If you’ve ever taken a philosophy or ethics class, you’re probably familiar with the trolley problem — a thought experiment that reveals that moral psychology and decision-making isn’t always black-and-white.
In a similar vein, TikTok user __ashleyp shared something called the shopping cart theory. The theory asks, “There is no dire emergency. Do you accept your duty to return the cart even though you gain nothing?”
Returning your cart is an easy task and socially understood to be the polite thing to do after loading your car. But at the same time, it’s not illegal to just abandon your cart. Employees come around and collect them and return them anyway, so what’s the big deal if you leave it?
“The shopping cart test is the ultimate litmus test for whether a person is capable of self-governing,” __ashleyp explains in the TikTok.
You gain nothing by returning the shopping cart and lose nothing by not returning it. But ultimately, you know returning the shopping cart is the right thing to do.
What the theory suggests then is that if you return the shopping cart — even if there’s nobody else in the parking lot and no employees can see you — but solely because you know it’s correct, you’re a good member of society.
If you thought about it and think “Well, what if I just don’t feel like putting it back?” you might not be the most moral person.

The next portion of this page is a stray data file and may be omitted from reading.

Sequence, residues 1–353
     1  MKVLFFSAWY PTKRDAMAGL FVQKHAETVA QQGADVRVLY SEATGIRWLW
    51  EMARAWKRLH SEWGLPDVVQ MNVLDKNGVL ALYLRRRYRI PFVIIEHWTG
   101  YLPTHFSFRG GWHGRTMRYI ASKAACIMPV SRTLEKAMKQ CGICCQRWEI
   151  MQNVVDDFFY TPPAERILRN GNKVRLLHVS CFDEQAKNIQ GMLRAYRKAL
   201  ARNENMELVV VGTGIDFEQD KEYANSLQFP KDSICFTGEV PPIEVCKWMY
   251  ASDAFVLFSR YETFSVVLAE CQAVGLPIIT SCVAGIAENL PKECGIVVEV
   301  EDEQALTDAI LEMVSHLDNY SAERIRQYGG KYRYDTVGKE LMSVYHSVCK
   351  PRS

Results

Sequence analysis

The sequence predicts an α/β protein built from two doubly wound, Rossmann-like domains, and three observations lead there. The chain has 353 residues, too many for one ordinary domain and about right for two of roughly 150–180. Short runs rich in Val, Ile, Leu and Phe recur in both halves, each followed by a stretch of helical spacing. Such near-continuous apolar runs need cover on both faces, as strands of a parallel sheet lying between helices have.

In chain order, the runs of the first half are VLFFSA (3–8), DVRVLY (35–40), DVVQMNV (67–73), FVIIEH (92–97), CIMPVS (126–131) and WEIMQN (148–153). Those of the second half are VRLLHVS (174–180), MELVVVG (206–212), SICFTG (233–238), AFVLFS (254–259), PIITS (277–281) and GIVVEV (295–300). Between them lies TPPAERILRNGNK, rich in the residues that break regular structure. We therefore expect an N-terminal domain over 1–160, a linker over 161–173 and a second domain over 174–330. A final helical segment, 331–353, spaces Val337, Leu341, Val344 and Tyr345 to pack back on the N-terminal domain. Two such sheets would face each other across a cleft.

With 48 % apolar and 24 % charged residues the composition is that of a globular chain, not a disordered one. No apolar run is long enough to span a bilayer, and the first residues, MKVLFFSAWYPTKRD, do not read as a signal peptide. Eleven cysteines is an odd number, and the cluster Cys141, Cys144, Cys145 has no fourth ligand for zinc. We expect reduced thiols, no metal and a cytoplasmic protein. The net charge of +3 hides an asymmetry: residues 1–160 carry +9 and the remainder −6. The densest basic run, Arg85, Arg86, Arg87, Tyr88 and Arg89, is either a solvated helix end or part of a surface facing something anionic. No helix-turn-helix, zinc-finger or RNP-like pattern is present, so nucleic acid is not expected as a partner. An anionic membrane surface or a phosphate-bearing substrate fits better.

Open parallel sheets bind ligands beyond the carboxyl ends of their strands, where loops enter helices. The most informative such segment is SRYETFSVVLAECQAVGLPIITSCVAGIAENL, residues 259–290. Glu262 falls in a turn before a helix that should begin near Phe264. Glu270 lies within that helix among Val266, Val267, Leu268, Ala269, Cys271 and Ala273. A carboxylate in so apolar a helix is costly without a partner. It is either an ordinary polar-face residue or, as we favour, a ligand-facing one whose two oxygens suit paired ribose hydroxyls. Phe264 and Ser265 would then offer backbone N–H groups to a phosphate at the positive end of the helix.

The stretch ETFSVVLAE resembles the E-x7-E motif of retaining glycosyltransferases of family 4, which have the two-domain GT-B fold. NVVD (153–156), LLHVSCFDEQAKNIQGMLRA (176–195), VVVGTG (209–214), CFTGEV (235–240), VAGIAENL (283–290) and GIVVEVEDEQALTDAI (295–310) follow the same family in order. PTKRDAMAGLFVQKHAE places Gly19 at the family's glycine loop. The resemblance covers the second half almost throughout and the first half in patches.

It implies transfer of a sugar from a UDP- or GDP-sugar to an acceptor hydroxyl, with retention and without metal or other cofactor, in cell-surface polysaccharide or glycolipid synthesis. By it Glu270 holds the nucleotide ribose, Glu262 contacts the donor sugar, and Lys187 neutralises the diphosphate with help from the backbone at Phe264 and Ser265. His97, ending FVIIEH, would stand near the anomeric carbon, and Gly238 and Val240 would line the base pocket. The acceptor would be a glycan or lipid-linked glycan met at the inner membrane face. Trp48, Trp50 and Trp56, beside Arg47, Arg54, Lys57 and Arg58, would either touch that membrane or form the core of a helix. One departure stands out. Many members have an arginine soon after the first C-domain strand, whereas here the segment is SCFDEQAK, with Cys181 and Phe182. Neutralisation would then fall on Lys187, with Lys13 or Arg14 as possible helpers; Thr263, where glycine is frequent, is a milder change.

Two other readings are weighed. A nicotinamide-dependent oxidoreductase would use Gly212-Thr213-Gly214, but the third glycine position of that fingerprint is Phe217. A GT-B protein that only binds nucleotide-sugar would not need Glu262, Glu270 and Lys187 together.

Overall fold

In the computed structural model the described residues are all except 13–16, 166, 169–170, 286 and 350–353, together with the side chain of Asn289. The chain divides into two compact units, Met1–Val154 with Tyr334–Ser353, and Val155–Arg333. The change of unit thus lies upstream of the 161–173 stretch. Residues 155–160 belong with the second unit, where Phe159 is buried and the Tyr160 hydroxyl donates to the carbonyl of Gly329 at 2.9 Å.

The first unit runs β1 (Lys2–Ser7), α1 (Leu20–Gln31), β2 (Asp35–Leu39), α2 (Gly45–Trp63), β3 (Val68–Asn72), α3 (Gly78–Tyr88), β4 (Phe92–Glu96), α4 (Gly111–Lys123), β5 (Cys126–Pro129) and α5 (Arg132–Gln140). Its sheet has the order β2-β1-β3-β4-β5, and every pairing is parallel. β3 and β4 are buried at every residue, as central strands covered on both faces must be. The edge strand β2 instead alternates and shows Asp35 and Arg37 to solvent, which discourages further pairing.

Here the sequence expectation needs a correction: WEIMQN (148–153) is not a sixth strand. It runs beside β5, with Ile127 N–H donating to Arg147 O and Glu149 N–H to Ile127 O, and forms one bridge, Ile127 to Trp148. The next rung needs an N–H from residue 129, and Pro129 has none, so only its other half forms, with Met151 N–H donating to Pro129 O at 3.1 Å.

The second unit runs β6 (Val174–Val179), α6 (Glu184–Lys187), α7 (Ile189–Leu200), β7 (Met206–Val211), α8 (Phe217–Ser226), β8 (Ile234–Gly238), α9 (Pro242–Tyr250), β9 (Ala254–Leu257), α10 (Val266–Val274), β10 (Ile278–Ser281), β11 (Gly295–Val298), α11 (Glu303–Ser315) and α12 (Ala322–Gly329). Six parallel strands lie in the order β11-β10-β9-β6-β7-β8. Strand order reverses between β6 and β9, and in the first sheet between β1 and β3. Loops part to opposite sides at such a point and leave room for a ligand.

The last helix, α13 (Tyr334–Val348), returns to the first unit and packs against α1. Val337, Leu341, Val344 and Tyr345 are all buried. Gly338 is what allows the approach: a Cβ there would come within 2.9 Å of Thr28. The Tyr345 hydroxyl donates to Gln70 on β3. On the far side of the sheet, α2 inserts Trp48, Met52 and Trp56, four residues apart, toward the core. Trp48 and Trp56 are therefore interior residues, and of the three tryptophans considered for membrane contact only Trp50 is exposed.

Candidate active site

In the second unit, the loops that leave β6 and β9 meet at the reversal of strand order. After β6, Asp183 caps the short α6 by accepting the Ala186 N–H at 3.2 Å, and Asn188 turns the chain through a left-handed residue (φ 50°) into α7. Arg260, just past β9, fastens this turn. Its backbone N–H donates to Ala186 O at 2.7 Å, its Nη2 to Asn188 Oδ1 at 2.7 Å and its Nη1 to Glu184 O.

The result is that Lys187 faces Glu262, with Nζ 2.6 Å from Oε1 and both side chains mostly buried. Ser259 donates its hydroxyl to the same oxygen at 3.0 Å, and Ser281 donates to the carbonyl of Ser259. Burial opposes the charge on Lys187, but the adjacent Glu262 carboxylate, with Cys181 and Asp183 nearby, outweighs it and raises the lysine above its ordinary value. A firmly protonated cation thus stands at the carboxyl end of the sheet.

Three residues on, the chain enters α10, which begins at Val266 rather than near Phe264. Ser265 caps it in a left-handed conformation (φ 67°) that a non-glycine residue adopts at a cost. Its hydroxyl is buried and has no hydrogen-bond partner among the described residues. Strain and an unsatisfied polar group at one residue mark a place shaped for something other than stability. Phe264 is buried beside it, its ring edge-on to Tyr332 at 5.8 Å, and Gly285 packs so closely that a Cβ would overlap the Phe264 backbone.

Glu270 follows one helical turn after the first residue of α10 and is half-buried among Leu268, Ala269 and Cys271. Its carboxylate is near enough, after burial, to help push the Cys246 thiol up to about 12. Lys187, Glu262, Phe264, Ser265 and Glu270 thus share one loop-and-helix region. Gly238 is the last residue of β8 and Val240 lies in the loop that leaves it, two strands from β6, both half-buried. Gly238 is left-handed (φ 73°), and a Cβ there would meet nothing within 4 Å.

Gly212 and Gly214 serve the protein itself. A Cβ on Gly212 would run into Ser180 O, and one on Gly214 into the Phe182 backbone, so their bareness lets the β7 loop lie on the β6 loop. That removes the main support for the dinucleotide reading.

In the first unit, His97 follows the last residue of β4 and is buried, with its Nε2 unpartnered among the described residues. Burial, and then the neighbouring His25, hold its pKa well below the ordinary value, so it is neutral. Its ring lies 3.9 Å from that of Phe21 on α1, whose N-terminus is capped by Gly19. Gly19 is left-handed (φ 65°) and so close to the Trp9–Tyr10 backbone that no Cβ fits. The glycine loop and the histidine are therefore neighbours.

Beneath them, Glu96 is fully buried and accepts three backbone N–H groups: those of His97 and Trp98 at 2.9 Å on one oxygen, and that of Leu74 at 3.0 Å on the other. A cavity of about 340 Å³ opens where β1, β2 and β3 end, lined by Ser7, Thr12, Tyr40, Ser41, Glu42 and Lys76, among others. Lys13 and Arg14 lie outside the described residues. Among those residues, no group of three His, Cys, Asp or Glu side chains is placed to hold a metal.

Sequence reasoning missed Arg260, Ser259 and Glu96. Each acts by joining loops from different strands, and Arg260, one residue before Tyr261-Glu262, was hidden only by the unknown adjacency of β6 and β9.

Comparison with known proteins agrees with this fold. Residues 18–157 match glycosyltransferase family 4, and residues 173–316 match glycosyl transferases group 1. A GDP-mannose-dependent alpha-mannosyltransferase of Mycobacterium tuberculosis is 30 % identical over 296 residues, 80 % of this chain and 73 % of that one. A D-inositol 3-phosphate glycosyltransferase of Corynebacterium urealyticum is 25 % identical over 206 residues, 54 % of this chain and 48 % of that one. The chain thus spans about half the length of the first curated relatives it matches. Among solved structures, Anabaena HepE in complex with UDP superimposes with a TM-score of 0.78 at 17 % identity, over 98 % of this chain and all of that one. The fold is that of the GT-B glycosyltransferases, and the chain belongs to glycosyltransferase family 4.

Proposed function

While there are some arguments that say the whole theory is ableist, to the people who don’t return the cart because they want to “give an employee work,” they are welcome to leave society.
Grocery store employees responded to the theory, disagreeing with people who assume leaving the cart abandoned actually helps them with their jobs.
“I used to work at a supermarket. Please return your trolley,” one person commented on the TikTok. “It sucks going around the car park finding all the abandoned ones and putting them back.”
“I return them because I remember how miserable it was working at a grocery store and have to collect them in the sweltering heat,” another commenter replied.
Others had more sentimental reasons for why they returned their carts.
“If I see a cart I take it back to a spot because when I was a kid someone told me the carts were family and missed each other when left behind,” someone wrote.
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